from photos8.com

(originally from 6/03/10)
Have you stored water yet?  Benjamin Franklin wrote, “When the well is dry, they know the worth of water.”   Even a little bit helps.  Keep a few water-filled 2-liter bottles, or 2-quart juice containers, under the sink in the kitchen and bathrooms.  I screw the lids on REALLY tight because of my curious little ones….

These are great for when the city water suddenly goes out, or a pipe breaks in your house.  (Last winter we were out of water TWO times in two weeks because of broken pipes!)   Then figure a way to keep a lot more water stored someplace; President Hinckley told us to store at least a gallon per person per day, for two weeks.  The blue barrels are good for this, and can be kept in your garage. If you’re buying storage containers, figure a dollar for each gallon of storage capacity- $50 or under for 50 gallon barrel, $5 or so for a 5-gallon jug, etc. You can live a lot longer without food than you can without water.  If you want to have even MORE than the minimum, check out the super-size containers at
http://familywatertanks.com/    Our water already has chlorine in it, so it will stay clean and safe as long as the container is closed securely.   If/when we have a large-scale disaster (remember Sister Beck told us to prepare for ‘eventualities’….) the city can get to repairing much faster if they don’t have to spend all their time hauling water around to all of us.

Here are some more applicable quotes from Franklin, enjoy!

“Energy and persistence conquer all things.
“Well done is better than well said.
“God helps those who help themselves.
“It is hard for an empty sack to stand upright.”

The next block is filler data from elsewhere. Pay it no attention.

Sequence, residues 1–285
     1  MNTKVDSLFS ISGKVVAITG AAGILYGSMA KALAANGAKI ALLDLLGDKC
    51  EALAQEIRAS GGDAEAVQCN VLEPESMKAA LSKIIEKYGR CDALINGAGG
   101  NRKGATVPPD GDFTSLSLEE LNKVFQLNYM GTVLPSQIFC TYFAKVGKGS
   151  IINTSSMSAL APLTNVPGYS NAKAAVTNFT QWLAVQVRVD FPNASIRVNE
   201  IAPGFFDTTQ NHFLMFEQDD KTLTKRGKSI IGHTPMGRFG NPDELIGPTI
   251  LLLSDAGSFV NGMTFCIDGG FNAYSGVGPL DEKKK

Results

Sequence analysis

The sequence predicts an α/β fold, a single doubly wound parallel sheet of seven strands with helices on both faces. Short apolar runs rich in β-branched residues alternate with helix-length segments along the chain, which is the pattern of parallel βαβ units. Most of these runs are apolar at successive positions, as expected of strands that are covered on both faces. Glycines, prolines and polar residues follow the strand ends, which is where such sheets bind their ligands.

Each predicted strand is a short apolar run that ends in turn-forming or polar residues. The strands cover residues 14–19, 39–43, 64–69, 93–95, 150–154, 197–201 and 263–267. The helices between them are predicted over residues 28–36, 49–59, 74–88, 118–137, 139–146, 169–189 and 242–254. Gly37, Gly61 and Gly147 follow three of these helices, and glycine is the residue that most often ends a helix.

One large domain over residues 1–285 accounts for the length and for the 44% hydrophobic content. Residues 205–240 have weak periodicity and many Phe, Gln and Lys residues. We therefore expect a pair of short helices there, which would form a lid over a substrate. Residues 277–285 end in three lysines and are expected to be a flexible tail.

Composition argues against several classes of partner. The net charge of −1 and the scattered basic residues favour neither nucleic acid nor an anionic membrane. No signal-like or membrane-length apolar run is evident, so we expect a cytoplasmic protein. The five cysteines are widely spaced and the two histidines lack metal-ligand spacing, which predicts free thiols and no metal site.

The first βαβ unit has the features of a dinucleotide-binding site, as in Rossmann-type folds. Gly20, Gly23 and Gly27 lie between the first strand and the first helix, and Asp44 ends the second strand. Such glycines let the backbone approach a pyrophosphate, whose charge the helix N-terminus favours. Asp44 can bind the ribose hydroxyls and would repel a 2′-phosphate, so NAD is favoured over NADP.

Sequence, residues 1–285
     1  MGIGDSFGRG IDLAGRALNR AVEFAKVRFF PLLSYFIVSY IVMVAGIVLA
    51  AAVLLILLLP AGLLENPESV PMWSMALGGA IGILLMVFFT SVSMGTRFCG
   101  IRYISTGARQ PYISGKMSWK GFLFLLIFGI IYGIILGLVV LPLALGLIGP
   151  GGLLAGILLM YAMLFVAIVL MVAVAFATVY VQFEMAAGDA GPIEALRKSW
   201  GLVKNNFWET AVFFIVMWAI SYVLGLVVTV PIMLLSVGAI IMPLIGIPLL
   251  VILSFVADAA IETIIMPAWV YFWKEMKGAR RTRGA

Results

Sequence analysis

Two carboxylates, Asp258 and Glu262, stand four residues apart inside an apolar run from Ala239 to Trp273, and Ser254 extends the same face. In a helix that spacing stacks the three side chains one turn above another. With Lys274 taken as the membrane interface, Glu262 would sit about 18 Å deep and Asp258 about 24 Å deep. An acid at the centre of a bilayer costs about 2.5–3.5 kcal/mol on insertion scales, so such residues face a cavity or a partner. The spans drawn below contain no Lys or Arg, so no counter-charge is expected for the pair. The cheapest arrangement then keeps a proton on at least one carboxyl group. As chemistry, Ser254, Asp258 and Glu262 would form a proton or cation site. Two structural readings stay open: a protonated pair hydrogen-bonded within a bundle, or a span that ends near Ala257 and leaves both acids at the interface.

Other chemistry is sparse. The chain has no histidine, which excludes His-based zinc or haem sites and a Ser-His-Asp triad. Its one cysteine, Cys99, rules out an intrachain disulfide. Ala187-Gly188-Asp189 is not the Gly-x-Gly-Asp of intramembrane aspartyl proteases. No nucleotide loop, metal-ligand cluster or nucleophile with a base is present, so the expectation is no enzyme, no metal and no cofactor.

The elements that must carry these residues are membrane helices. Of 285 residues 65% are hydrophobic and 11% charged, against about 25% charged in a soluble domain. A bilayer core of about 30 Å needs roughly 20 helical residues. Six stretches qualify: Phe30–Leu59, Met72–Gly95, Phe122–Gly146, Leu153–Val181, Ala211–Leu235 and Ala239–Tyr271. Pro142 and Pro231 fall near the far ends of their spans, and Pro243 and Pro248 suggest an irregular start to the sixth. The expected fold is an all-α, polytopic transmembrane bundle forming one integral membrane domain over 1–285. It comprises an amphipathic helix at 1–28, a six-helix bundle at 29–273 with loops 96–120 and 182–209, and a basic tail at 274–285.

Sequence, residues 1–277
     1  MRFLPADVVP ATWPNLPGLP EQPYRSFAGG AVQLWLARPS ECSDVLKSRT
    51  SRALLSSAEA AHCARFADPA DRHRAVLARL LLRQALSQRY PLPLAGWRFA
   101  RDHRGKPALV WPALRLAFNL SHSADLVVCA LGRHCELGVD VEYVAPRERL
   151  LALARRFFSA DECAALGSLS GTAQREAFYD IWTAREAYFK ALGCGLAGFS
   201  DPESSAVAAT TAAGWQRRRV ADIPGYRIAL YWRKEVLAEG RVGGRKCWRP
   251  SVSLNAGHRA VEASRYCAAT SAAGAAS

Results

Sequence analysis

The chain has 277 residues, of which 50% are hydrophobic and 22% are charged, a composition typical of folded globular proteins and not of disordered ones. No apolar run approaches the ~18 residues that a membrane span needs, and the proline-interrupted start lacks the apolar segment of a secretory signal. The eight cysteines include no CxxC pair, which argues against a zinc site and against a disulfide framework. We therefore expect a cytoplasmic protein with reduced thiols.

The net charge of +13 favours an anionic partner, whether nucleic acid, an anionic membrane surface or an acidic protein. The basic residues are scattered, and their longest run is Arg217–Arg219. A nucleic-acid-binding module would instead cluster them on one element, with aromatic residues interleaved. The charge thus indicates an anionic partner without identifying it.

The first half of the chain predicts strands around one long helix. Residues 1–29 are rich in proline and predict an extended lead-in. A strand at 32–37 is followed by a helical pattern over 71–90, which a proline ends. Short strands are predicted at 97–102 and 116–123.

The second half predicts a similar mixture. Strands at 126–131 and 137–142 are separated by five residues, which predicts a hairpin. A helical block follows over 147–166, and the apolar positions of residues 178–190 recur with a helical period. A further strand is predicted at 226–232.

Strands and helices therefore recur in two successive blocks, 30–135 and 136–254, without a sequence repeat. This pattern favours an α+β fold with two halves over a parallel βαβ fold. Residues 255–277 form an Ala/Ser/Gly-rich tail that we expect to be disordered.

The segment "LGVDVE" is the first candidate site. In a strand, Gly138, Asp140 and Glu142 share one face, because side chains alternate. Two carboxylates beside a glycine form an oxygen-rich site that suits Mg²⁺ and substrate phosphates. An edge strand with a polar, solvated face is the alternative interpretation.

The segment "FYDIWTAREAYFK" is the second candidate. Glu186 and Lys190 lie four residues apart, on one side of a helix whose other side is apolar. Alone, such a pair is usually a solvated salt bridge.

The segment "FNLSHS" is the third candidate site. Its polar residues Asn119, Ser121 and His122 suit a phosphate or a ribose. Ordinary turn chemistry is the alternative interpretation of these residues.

* * * * * * * 
 Here’s the bread recipe I’ve eaten for the last 30+ years; it’s my mom’s recipe.  The beauty of bread is that is so adaptable.  Use this recipe to make anything from white sandwich loaves, to whole wheat bread, pizza, fluffy dinner rolls or mouthwatering cinnamon rolls.   See Making Bread for these variations and more.  The bread freezes well, so I always make an oven full; it’s no more work to make six than to make two.  I keep enough in the pantry for 3 days because it is fresh-tasting for only that long; I put the rest in the freezer as soon as it's cooled and sliced.  


          Basic Bread

Six loaves:                                        Two loaves:
2 Tbsp. salt                                          2 tsp. salt
2 Tbsp. yeast                                       2 tsp. yeast     
½ cup -1 cup sugar                             1/4 -1/3 cup sugar
½ cup oil                                             3 Tbsp. oil
6 cups hot water (hottest from           2 cups hot water
  faucet, not over 130 degrees)                   

8 cups flour to start- you will             3 cups flour to start, will be 5-6
  use around 16 c. total                          total

      Mix salt, yeast, sugar, oil, water, and first amount of flour in a bowl.  Beat about two minutes with a wooden spoon.  Stir in half of what’s left, then mix in more until too stiff to stir.  Dump out onto a floured counter and knead for 8-10 minutes, adding only enough flour to keep the dough from sticking to the counter.   The dough should be smooth and elastic after kneading.  (Yes, you could use a stand mixer for this, too….)

     Cover with a kitchen towel or plastic grocery bag and let rise 1 to 1 ½ hours, or until doubled.  Punch down and shape into loaves.  Place in greased 8x4 loaf pans and let rise about 45 minutes or until nearly doubled.  Bake at 350 degrees F for about 30 minutes (or at 375 for 25 minutes) or until the sides of the bread are brown.  (Tip a loaf out of the pan to check.)  Remove from pans and cool on a rack.

Follow above 6 loaf recipe, using all whole wheat flour, and also add one of the following:

1/4 c. lecithin, 1/4 c. gluten, 1/4 c. dough enhancer, or 1000 mg Vitamin C, crushed or dissolved in water.  These improve texture and reduce coarseness.  Any of the variations can be made with whole wheat.


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